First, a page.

The Ministry of Defence Police, also known as the MOD Police or MDP, commemorated its 50th-anniversary last year. They are a civilian police unit that provides security for the Ministry of Defence (MOD), other UK government ministries, and US Visiting Forces. Its mission is to provide specialised policing and safeguard the nation’s defences and infrastructure.

The MDP’s principal goal is to protect defence infrastructure, and it dates back to 1574 when it was founded at Chatham Dockyard.
A force of ‘porters, rounders, and watchmen’ guarded the nation’s naval yards in 1686. The first Dockyard Police Force was established in 1834, only to be disbanded after an investigation headed by the Admiralty and the Metropolitan Police. The Metropolitan Police took over policing the dockyards in 1860, and it remained in that function for the next 75 years. In 1922, the Metropolitan Police were removed from the dockyards and replaced with the Royal Marines Police, which consisted primarily of former members of the Royal Marines Corps.

The MDP’s size and organisation have changed over the previous two decades, but it has continued to protect the nation’s defences and infrastructure. The MDP turned 30 in 2001, and the Anti-Terrorism Crime and Security Act of 2001, which contained an expansion of MDP jurisdiction, was passed. The terrorist attacks on September 11, 2001, prompted the passage of emergency anti-terrorism laws expanding the role of the MDP. The MDP has been called upon to support Home Office colleagues on several notable occasions since 2001, including the 2005 London bombings, the 2006 Ipswich murders, the 2007 Glasgow Airport terrorist attack, the 2012 Olympics, the 2017 Manchester Arena bombing, and, most recently, the G7 Summit in Cornwall.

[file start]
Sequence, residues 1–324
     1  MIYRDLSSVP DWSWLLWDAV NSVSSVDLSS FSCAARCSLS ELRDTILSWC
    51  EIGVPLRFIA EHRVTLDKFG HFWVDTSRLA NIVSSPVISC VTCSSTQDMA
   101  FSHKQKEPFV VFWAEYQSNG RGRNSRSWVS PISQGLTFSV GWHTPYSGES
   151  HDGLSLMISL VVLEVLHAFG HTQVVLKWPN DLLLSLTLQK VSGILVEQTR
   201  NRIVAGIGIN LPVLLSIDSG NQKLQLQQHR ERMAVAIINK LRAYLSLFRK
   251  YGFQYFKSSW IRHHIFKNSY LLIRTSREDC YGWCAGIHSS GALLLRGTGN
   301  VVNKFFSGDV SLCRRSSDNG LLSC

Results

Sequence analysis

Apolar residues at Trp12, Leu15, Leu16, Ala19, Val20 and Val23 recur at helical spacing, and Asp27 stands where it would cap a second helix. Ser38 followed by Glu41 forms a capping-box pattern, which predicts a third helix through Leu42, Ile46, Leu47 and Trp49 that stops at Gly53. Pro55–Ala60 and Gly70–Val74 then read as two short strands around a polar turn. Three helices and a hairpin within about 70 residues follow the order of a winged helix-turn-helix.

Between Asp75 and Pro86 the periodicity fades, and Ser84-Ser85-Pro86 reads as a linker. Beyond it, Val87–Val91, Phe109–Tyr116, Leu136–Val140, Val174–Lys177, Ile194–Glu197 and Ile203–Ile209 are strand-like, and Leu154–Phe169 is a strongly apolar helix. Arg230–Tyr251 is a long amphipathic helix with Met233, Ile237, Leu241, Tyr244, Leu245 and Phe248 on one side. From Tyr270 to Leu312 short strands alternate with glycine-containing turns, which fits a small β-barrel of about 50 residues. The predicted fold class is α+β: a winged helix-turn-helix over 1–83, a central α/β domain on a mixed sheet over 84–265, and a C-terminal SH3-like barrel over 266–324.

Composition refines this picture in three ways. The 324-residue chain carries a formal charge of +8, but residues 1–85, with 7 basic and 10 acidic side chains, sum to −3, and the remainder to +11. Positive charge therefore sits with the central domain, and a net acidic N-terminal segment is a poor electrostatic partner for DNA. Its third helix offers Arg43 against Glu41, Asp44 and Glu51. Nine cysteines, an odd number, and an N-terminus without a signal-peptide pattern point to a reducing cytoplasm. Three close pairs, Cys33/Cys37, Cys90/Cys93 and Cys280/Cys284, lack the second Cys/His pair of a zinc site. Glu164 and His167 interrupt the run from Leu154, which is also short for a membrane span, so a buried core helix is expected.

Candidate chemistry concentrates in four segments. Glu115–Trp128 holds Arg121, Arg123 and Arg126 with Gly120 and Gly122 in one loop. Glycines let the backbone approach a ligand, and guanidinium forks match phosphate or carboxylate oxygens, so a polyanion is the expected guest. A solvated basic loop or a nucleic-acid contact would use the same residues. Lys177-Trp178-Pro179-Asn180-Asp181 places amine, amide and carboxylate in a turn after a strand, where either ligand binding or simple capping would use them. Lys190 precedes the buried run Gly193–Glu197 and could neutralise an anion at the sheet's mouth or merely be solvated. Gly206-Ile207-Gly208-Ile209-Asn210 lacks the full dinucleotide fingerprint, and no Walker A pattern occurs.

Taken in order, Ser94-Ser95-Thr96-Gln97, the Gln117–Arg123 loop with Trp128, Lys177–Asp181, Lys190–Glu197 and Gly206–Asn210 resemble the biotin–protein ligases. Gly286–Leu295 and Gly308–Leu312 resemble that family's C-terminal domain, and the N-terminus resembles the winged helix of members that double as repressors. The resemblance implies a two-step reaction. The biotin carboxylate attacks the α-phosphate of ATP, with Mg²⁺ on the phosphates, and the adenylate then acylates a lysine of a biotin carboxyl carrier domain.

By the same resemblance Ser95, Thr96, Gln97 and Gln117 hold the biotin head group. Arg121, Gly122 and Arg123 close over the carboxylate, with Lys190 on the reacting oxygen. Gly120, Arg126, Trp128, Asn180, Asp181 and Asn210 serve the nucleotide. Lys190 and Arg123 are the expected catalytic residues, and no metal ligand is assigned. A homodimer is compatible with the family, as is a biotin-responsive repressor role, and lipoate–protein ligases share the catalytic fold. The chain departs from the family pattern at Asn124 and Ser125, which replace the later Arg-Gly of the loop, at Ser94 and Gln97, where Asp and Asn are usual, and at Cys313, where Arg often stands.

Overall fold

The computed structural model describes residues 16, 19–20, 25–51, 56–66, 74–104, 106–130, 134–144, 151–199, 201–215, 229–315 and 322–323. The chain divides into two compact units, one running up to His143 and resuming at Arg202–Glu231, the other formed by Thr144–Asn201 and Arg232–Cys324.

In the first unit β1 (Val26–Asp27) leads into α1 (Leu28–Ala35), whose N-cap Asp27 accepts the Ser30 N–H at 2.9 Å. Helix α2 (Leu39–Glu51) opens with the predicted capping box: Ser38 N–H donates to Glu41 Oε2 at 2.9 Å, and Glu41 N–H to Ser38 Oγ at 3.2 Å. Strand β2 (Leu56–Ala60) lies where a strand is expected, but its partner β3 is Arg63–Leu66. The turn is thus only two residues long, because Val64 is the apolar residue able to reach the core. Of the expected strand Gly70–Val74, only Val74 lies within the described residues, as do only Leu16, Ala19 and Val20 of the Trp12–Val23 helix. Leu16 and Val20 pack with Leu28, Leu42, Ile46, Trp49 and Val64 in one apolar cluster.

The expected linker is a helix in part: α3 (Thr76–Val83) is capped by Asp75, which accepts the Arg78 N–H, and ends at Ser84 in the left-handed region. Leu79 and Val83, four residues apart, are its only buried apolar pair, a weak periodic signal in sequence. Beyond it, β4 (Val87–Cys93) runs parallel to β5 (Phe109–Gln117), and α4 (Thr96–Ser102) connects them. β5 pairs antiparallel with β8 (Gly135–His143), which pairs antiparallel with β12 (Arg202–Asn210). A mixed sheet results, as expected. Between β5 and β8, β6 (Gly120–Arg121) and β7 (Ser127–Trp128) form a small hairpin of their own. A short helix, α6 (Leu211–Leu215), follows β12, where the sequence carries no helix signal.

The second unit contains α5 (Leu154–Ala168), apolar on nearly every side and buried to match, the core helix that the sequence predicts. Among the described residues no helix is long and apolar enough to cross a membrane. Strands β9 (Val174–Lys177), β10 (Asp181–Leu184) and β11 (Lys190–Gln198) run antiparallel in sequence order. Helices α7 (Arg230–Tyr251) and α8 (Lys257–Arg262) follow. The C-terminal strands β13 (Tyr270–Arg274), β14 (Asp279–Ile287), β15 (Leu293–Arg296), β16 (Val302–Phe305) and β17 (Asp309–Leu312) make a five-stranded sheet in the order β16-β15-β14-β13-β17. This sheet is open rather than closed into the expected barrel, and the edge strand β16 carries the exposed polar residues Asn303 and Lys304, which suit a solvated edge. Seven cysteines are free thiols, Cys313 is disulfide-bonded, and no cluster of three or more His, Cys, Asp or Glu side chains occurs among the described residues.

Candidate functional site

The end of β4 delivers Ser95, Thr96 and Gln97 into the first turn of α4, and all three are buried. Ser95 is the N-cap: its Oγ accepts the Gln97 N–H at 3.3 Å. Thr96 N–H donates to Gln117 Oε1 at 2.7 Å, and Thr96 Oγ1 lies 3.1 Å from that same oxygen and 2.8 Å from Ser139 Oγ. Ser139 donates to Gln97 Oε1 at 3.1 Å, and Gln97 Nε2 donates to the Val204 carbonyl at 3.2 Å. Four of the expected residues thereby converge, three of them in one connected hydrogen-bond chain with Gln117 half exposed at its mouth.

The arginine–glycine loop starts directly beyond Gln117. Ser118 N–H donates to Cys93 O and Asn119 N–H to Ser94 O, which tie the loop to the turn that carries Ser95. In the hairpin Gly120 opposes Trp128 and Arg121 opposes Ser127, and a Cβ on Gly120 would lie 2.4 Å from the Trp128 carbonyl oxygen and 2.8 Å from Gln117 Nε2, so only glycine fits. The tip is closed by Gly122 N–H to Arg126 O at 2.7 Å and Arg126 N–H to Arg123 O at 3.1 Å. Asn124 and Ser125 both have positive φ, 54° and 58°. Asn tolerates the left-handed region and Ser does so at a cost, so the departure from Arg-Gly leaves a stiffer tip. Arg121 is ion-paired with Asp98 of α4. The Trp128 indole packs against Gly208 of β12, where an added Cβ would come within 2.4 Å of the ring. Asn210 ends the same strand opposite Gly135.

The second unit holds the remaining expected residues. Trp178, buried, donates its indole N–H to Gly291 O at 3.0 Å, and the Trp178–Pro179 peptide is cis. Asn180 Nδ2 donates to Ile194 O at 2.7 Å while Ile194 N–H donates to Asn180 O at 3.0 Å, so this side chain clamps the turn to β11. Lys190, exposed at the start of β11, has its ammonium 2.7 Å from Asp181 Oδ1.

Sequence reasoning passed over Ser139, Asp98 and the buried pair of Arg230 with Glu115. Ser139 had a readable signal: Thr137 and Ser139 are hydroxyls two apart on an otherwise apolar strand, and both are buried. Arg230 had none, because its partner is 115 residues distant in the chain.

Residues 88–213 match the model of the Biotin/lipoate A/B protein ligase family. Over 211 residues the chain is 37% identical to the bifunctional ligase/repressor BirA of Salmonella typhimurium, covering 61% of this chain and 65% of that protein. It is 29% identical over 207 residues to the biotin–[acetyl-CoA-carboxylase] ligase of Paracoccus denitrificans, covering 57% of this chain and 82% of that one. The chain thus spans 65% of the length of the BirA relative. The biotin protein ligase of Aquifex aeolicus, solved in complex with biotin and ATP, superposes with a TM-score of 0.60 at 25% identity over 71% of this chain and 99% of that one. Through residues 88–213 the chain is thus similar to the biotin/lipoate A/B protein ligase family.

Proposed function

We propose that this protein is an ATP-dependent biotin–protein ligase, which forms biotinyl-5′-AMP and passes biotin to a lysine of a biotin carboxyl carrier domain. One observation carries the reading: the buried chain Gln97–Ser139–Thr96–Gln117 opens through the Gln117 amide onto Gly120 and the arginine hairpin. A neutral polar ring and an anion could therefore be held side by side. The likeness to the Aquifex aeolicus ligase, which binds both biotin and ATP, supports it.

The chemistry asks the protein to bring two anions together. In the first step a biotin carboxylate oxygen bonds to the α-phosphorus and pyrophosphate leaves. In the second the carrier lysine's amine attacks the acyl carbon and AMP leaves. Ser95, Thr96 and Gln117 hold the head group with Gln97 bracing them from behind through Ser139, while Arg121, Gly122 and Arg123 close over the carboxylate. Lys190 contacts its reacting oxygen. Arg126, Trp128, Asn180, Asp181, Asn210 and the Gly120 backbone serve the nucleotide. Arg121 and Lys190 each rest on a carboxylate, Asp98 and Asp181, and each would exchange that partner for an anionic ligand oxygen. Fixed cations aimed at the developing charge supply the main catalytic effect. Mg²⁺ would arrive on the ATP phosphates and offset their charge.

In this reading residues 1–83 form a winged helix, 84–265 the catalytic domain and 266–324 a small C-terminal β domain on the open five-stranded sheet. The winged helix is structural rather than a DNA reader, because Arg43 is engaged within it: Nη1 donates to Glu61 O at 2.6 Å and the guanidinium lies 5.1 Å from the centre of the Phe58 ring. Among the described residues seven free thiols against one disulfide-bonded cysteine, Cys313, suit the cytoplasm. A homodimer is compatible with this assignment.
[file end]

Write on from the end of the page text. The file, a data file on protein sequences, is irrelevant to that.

Before their formation, the MDP’s defence policing consisted chiefly of static gate tasks, pass checks, and patrolling fence lines.
Static armed tasks and fence line patrols are still essential parts of the MDP’s duty today, but the nature of the national security threat has evolved, and the force’s role has also altered. The MDP’s function has evolved over the decades to focus on specialised armed policing, counter-terrorism, and skill in dealing with large-scale protests while securing defence institutions and locations of national importance. The MDP has it all, from canine handling to marine policing, investigating crime, public order, and community policing to protestor removal. With around 2,900 cops and 300 civilians, MDP personnel are scattered across the United Kingdom.

In times of national emergency, MDP soldiers also provide a scalable armed capability to wider policing.